Steve Hilton has it that "to really bring about the revolution we need I believe we need far deeper change than we have seen this year. We need a whole new set of people who believe in radical change to stand for office at every level and take back the levers of power — here in the UK, in Congress and state government in America, and in every other democracy too".

This is precisely what won't work. The disaffection is about the same now as it was twenty years ago. That spawned Ukip and where did that get us? As much as the party system is on its last legs a new party really can't change anything. The system is of a particular nature whereby the closer a party gets to its goals the more it becomes what it seeks to replace. It achieves nothing. 

In the end it's ideas that bring change but we are not living in an era of ideas. We live in the era of quick fixes and political gimmicks. Even Brexit is a symptom of that where leaving the EU became the dreamboat that would solve every problem under the sun. What we now find is that, unless we can make it a catalyst, even Brexit changes very little.

To have that revolution there needs to be a coherent set of ideas and based on a thorough analysis of the problem - which is more than just economic. As much as anything the West suffers from a cultural and spiritual ennui where we have all but made politics and politicians redundant, which is why many of them are in a dismal repeat cycle, drawing their ideas from the 1980s when politics last mattered. The creaking system of parliamentary democracy we have is utterly spent and has degenerated into a three ring circus between the Lords, the Commons and the media. It is in a lingering death spiral, desperately in need of replenishment.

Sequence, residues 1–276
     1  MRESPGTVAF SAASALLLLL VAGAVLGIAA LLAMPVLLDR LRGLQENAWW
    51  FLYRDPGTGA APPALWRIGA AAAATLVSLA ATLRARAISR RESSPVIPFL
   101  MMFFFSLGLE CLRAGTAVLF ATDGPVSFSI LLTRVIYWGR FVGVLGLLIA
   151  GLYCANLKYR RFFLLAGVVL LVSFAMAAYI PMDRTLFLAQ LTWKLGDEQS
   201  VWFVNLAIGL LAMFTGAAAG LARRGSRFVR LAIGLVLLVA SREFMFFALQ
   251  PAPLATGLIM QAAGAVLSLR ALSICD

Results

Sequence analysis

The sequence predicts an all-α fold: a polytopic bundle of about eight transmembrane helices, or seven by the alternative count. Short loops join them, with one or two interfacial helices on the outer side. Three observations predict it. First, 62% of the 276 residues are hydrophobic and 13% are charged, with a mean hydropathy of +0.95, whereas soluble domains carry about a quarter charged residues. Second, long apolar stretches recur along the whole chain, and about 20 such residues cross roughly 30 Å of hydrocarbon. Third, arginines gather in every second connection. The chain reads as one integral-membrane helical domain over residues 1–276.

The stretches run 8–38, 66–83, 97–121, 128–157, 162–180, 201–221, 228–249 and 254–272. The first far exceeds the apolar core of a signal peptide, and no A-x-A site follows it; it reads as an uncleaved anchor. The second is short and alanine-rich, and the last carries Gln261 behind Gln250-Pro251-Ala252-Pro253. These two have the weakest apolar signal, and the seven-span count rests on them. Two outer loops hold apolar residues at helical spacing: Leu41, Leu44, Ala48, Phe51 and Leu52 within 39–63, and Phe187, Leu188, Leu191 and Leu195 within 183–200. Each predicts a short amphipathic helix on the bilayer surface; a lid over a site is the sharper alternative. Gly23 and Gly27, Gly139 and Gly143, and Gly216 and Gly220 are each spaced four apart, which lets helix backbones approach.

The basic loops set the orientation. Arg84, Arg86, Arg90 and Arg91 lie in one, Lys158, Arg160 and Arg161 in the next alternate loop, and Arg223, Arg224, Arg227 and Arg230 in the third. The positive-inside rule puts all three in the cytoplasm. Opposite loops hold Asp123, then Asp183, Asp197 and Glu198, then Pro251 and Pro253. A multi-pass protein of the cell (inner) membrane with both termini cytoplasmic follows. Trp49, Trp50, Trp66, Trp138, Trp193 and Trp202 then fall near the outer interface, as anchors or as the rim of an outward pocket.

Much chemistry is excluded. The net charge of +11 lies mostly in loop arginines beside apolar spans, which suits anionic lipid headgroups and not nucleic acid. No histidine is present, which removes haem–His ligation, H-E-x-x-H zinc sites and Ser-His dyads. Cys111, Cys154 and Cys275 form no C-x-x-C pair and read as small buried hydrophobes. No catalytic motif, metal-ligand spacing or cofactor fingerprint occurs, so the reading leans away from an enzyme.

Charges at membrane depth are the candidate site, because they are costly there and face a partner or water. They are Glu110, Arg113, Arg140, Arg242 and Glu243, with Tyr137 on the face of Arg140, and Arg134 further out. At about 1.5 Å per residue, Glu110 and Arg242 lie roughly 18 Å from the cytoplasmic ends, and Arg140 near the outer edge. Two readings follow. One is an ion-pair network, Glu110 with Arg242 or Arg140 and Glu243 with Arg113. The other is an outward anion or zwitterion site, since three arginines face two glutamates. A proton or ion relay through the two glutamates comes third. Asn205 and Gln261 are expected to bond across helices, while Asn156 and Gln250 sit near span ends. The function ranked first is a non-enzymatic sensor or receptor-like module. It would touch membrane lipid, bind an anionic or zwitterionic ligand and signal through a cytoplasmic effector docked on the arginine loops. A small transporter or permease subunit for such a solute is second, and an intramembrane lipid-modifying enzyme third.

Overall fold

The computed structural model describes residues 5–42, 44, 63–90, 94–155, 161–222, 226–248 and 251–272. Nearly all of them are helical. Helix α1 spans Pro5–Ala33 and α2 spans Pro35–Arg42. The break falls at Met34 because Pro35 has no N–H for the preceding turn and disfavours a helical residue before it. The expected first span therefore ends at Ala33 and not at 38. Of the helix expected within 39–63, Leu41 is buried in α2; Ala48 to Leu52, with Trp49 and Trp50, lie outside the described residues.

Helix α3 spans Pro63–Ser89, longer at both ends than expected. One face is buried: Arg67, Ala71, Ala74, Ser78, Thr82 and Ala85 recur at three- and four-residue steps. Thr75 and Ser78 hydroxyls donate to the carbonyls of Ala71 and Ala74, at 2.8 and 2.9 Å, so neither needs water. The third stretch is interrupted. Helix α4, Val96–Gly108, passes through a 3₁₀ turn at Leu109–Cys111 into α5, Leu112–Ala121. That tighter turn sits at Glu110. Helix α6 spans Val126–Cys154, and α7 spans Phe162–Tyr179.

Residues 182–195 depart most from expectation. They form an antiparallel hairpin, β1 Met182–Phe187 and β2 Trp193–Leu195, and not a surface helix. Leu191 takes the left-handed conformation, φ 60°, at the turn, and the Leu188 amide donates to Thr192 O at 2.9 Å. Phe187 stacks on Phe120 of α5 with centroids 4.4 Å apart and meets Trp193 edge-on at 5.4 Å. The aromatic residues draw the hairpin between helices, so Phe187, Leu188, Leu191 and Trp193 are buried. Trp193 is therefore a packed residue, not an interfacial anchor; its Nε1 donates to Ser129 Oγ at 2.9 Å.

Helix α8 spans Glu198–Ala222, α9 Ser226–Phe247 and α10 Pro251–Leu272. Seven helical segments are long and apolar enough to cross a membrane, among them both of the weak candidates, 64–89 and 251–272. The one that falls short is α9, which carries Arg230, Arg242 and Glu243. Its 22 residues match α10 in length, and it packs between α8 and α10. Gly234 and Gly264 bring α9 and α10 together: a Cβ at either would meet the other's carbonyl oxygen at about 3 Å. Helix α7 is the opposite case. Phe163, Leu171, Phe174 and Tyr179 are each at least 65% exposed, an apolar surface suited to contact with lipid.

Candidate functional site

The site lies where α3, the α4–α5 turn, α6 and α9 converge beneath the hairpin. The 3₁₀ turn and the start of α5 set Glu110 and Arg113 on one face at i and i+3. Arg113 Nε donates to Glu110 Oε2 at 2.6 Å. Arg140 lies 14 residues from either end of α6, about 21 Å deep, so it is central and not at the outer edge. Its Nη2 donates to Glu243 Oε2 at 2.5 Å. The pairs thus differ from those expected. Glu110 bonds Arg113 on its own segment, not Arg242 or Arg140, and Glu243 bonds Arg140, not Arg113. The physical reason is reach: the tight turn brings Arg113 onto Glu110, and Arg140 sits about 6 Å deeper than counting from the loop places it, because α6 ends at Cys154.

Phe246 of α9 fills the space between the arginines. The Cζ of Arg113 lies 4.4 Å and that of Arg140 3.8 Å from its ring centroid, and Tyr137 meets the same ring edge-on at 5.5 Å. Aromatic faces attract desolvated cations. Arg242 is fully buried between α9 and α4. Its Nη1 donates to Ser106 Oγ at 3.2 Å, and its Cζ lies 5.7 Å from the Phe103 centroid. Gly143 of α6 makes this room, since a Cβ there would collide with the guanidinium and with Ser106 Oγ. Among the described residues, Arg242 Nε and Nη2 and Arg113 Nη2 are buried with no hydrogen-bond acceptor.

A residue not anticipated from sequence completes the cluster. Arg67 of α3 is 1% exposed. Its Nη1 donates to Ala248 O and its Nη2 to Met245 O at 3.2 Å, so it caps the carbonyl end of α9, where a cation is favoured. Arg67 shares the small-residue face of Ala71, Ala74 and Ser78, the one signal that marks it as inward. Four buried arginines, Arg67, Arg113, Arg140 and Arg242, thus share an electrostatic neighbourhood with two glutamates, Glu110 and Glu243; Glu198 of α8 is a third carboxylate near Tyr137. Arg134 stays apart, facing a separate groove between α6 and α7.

In this we can already see people switching off from mainstream media and I am far from alone in lamenting the low grade content of online politics and the tedious and dishonest games they play. All the while decision making is being moved away from parliament and into the courts as though the creche needs adult supervision. 

Though there are more spectators than ever, the power is increasingly in the hands of fewer but deep inside a toxic feedback loop between the media and the politicians where the perspectives of those who live in the real world are excluded. It seems to me that exchanging one gaggle for another brings no remedy. For as long as the power resides in Westminster and not with the people we can only ever expect more of the same. 

This, however, is not to say that Brexit is not part of the solution. It is is necessary to expose just how ill-equipped our politicians are and how utterly incapable the system is. On present form it's working a treat. Before we can have real change we must first make it abundantly clear why change is necessary. By the time they've finished making a pigs ear of Brexit, nobody will be in any doubt that we must take the power back. The answers are not to be found by shuffling the deckchairs on the Titanic.